Understanding DH/DSS/ ? - PGP

This is a discussion on Understanding DH/DSS/ ? - PGP ; I have had PGP262 on my computer for about 8-yrs. I lost interest in PGP but am not trying to get my head straight on DH/DSS. Could some please confirm my understanding of DH/DSS. When creating a key, it will ...

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Thread: Understanding DH/DSS/ ?

  1. Understanding DH/DSS/ ?

    I have had PGP262 on my computer for about 8-yrs. I lost interest
    in PGP but am not trying to get my head straight on DH/DSS.
    Could some please confirm my understanding of DH/DSS.
    When creating a key, it will contain:
    1. A MasterKey pair containing a signing key and a signature
    verification key.
    2. A SubKey pair containing a message decript key and a message
    encrypt key.

    When you send your Public Key "package" to the key server, it will
    contain:
    1. Your encrypt key from the SubKey pair.
    2. Your signing key from your MasterKey pair.

    The Private Key "package" which you keep secret contains:
    1. Your decrypt key from your SubKey pair.
    2. Your signature verification key from your MasterKey pair.

    Key signings by other people are on the MasterKey pair.
    The SubKey pair can be replaced for time to time and the
    new SubKey will still be associated with the MasterKey pair.

    Is this anywhere close?
    Thanks,
    Casey


  2. Re: Understanding DH/DSS/ ?

    Casey wrote in news:MPG.1bbfb50260f71e329897a0
    @news.east.earthlink.net:

    > I have had PGP262 on my computer for about 8-yrs. I lost interest
    > in PGP but am not trying to get my head straight on DH/DSS.
    > Could some please confirm my understanding of DH/DSS.
    > When creating a key, it will contain:
    > 1. A MasterKey pair containing a signing key and a signature
    > verification key.
    > 2. A SubKey pair containing a message decript key and a message
    > encrypt key.
    >
    > When you send your Public Key "package" to the key server, it will
    > contain:
    > 1. Your encrypt key from the SubKey pair.
    > 2. Your signing key from your MasterKey pair.
    >
    > The Private Key "package" which you keep secret contains:
    > 1. Your decrypt key from your SubKey pair.
    > 2. Your signature verification key from your MasterKey pair.
    >
    > Key signings by other people are on the MasterKey pair.
    > The SubKey pair can be replaced for time to time and the
    > new SubKey will still be associated with the MasterKey pair.
    >
    > Is this anywhere close?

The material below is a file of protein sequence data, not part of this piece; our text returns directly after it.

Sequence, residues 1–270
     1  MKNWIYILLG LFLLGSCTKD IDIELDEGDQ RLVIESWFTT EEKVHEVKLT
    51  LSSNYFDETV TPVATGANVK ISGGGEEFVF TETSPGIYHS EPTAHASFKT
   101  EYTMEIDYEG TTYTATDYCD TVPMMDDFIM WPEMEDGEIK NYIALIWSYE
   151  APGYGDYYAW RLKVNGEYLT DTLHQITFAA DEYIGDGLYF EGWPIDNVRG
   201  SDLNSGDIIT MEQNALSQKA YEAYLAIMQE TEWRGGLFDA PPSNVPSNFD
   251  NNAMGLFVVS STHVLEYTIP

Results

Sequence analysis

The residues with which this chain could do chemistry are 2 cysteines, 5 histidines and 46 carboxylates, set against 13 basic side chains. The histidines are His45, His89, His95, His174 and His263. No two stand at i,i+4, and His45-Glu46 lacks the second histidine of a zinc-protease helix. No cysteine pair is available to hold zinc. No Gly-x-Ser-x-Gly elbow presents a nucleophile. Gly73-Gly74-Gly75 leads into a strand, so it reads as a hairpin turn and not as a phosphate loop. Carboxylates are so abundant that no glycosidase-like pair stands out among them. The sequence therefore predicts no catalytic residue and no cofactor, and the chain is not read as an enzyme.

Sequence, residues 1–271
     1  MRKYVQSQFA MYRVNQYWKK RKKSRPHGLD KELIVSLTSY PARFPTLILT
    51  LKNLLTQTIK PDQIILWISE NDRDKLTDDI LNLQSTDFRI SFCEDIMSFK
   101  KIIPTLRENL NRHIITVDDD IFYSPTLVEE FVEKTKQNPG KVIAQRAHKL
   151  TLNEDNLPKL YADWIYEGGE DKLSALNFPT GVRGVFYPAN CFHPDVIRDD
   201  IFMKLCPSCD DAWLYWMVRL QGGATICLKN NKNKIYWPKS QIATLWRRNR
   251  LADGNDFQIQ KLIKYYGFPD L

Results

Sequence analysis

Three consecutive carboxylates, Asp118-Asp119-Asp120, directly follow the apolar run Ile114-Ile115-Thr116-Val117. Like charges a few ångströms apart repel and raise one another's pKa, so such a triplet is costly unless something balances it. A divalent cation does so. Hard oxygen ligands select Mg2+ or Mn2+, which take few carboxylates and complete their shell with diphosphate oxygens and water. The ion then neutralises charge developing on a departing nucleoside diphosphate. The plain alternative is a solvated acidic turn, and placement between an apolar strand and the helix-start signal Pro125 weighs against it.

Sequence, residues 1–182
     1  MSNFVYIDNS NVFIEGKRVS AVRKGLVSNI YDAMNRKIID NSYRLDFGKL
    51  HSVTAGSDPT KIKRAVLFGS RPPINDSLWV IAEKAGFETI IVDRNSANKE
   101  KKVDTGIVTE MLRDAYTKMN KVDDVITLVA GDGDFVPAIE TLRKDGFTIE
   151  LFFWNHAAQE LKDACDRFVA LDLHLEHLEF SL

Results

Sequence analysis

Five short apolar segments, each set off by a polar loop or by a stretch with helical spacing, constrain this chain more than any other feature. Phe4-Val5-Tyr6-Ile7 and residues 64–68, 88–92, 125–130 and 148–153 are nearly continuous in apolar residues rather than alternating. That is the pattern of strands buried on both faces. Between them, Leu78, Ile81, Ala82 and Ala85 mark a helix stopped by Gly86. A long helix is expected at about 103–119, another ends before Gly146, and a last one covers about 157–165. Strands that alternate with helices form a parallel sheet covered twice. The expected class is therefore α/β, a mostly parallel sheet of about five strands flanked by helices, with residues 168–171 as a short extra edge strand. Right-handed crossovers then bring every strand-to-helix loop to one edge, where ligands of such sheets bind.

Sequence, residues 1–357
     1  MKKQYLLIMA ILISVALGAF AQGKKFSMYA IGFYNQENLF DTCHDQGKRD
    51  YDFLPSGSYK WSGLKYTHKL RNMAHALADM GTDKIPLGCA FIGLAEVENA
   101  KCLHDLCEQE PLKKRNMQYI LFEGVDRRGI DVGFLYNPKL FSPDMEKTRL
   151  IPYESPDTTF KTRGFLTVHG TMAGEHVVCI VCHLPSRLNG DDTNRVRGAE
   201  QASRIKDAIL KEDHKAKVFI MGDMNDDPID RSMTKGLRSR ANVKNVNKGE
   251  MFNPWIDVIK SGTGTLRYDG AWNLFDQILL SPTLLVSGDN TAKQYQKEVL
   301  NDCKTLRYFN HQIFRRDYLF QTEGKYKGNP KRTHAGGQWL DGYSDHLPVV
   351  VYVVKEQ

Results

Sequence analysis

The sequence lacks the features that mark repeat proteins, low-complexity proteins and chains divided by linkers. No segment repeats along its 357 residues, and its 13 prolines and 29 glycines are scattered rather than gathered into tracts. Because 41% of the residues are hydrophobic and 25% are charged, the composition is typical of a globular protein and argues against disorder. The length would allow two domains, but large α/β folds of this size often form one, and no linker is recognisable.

Except for the following, you have it correct.

    Your public key that you send to others, includes your Signature
    verification key (so that others can verify your signature); your private
    key includes your signing key, so that you can make signatures.

    --
    Tom McCune
    My PGP Page & FAQ: http://www.McCune.cc/PGP.htm

  3. Re: Understanding DH/DSS/ ?

    In article <93o5d.243099$bp1.168604@twister.nyroc.rr.com>, news@DELETE_THISmccune.cc says...
    > Casey wrote in news:MPG.1bbfb50260f71e329897a0
    > @news.east.earthlink.net:
    >
    > > I have had PGP262 on my computer for about 8-yrs. I lost interest
    > > in PGP but am not trying to get my head straight on DH/DSS.
    > > Could some please confirm my understanding of DH/DSS.
    > > When creating a key, it will contain:
    > > 1. A MasterKey pair containing a signing key and a signature
    > > verification key.
    > > 2. A SubKey pair containing a message decript key and a message
    > > encrypt key.
    > >
    > > When you send your Public Key "package" to the key server, it will
    > > contain:
    > > 1. Your encrypt key from the SubKey pair.
    > > 2. Your signing key from your MasterKey pair.
    > >
    > > The Private Key "package" which you keep secret contains:
    > > 1. Your decrypt key from your SubKey pair.
    > > 2. Your signature verification key from your MasterKey pair.
    > >
    > > Key signings by other people are on the MasterKey pair.
    > > The SubKey pair can be replaced for time to time and the
    > > new SubKey will still be associated with the MasterKey pair.
    > >
    > > Is this anywhere close?

    >
    > Except for the following, you have it correct.
    >
    > Your public key that you send to others, includes your Signature
    > verification key (so that others can verify your signature); your private
    > key includes your signing key, so that you can make signatures.
    >
    >

    Thanks Tom. I still have a couple of questions, but I need to
    get better organized before I ask
    Casey

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